• Saturday, March 02, 2024
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Fake products further strain Nigeria’s healthcare system

Pharmacists, NAFDAC  partner to check fake drugs in Kwara

The influx of fake and substandard products in many Nigerian markets and their consumption have been said to be one of the reasons for the increased death rate in Nigeria, according to experts.

Experts have also likened the prevalence of fake drugs to an attack on the country’s healthcare system, saying they lead to loss of lives and confidence in medicines, healthcare providers and the health systems.

The recent discovery of various counterfeit products in Ezukwu market(Cemetery market), Aba in Abia State by the National Agency for Food and Drug Administration and Control (NAFDAC), has sparked many reactions from all stakeholders in the health sector.

About 2000 adulterated products containing alcoholic drinks, beverages and other expired items were confiscated, resulting in the closure of over 240 shops-turned factories on the basis that they were producing, repackaging and marketing fake products in a filthy and unhygienic environment, according to a statement by the food agency.

While alcohol consumption poses health risks, according to many medical experts, consuming a fake one could be more injurious to one’s health. The International Agency for Research on Cancer (IARC) said that one of every 10 cancer cases in Nigeria can be traced to alcohol and 4.7 percent of overall cancer cases in Nigeria in 2019 can be attributed to consumption of adulterated alcohol.

Fake products, responsible for increase in death rate – Experts

Assailed by a weak health system and economic austerity as cash scarcity, soaring transport fare and low purchasing power, fake products are compounding the misery of many Nigerians.

Lateef Bolumade, a quality assurance analyst with Fidson Healthcare PLC, said “fake products are product’s counterfeit with striking resemblance to the original or quality products but with manufacturing process deviations.”

Bolumade added that counterfeit products are harmful to health and can be identified in different ways. “Fake products can be identified through the batch manufacturing records (batch number, production date, expiring date), absence of NAFDAC number, product and company’s logo and company’s bar code.”

The analyst said the onus is on NAFDAC to be more proactive in its fight to get the country rid of fake and substandard products. “NAFDAC can do better by non-compromising on fake products, increasing its surveillance, calling out fake products names and public sensitisation,” he said.

Following the confiscation of the adulterated products in Aba, issues of fake drugs, cosmetics and other household items resurfaced on various social media platforms. While other substandard products are harmful to the health, fake drugs are the quickest route to death.

A Lagos-based retired school teacher, Adeola Monsurat, said she almost lost her eyes due to a counterfeit eyedrop she got from a pharmacy in Lagos, describing the situation as “the most horrifying experience of my life.”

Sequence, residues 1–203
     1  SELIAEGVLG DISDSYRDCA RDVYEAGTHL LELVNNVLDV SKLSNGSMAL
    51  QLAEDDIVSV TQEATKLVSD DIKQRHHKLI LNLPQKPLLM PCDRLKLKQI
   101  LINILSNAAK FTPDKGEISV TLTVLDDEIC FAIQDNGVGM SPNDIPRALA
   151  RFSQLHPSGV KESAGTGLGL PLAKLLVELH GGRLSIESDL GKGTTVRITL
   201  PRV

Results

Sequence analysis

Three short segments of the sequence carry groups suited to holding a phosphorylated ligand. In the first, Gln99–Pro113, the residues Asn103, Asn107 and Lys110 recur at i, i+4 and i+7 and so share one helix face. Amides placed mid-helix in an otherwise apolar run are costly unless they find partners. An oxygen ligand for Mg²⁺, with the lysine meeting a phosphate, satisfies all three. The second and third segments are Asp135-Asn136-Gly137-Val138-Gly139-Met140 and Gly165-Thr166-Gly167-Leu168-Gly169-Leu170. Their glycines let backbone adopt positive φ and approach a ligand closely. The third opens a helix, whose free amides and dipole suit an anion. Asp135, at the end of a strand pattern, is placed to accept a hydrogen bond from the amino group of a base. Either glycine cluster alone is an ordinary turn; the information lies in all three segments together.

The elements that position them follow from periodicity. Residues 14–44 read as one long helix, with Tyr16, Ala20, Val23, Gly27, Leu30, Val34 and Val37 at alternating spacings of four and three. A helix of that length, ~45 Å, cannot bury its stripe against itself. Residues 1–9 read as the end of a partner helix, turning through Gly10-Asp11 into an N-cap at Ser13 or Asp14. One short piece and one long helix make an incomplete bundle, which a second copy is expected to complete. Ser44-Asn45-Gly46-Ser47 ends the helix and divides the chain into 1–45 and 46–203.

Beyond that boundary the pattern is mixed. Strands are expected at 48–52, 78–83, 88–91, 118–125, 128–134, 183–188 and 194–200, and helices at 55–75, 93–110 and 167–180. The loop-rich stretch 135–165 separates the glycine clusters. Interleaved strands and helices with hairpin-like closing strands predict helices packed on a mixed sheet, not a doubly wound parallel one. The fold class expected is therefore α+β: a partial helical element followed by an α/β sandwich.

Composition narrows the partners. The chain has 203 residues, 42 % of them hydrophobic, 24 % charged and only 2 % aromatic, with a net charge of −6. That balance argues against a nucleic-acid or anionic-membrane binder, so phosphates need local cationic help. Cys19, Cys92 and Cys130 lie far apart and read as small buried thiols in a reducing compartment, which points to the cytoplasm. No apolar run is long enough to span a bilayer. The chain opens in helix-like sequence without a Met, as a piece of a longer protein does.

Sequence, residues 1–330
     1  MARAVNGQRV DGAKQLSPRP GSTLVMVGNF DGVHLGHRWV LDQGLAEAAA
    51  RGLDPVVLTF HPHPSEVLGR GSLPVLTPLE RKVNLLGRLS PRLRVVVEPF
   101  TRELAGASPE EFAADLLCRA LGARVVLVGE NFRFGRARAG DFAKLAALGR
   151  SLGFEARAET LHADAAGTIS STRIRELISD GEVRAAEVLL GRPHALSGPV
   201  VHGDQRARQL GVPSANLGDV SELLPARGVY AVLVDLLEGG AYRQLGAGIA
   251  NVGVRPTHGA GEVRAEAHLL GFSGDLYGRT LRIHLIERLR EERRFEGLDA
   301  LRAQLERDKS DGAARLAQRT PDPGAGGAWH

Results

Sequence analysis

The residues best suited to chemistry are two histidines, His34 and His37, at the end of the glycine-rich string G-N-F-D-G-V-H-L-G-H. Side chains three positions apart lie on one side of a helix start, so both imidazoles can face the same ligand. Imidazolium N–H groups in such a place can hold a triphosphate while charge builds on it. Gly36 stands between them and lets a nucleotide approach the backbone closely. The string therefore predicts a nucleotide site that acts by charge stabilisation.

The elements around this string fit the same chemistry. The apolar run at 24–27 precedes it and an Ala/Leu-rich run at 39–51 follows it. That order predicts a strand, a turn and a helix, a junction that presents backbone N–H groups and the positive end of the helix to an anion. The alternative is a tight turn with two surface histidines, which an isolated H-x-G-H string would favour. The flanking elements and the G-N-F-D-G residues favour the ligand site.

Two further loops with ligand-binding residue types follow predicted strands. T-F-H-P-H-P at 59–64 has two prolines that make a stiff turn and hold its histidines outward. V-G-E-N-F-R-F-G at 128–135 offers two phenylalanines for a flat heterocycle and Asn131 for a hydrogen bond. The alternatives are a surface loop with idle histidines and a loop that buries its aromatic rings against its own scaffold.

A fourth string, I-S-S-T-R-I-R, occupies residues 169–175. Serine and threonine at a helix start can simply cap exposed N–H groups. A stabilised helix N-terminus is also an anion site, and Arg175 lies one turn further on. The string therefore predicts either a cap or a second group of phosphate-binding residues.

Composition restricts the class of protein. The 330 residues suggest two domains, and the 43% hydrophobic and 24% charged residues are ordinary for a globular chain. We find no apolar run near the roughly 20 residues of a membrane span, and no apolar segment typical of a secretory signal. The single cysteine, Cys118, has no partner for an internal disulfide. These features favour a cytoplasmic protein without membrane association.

“When I was diagnosed with suspected glaucoma, I was placed on a particular eyedrop named Xalatan. The one I bought last almost made me lose my sight,” she said.

Adeola said: “I noticed the drug was not brought out from the freezer as it used to be and there was a noticeable error in the spelling of the drug. As soon as I used it, it was continuously itching my eyeballs until it turned red and swollen; it was the most horrifying experience of my life.”

Benjamin Ogunkanbi, a medical practitioner in one of the state-owned hospitals in Ogun State, said fake drugs are worse than overdose because the contents of fake drugs are unknown and could be hazardous to the health.

“Fake drugs are even worse than overdose. Once we prescribe medications and you get a fake one, you overwork the liver, and in the end, the liver shuts down and that’s death,” the medical doctor said.

A report by the Organised Crime: West African Response to Trafficking (OCWAR-T), a project of the Economic Community of West African States, said illicit and counterfeit medical products from China and India were taking over the drug markets in Nigeria, Ghana, Benin Republic, Togo, Guinea and other countries in the sub-region.

The OCWAR-T observed that the illegal drugs were often shipped from Guangzhou in China and cleared through the ports in Apapa, Tema, Cotonou, and Conakry, using intermediaries.

Experts have also raised concerns that Nigeria’s healthcare system is under renewed attack due to the growing prevalence of fake and substandard products. They identify weak regulations and enforcement as reasons why the menace has continued to thrive for so long.

The experts, however, called on the government at all levels to urgently roll out strategies to protect the people from the scourge of counterfeit products.

Similarly, the World Health Organisation has continued to reiterate that substandard and falsified medical products may cause harm to patients and fail to treat the diseases for which they are intended.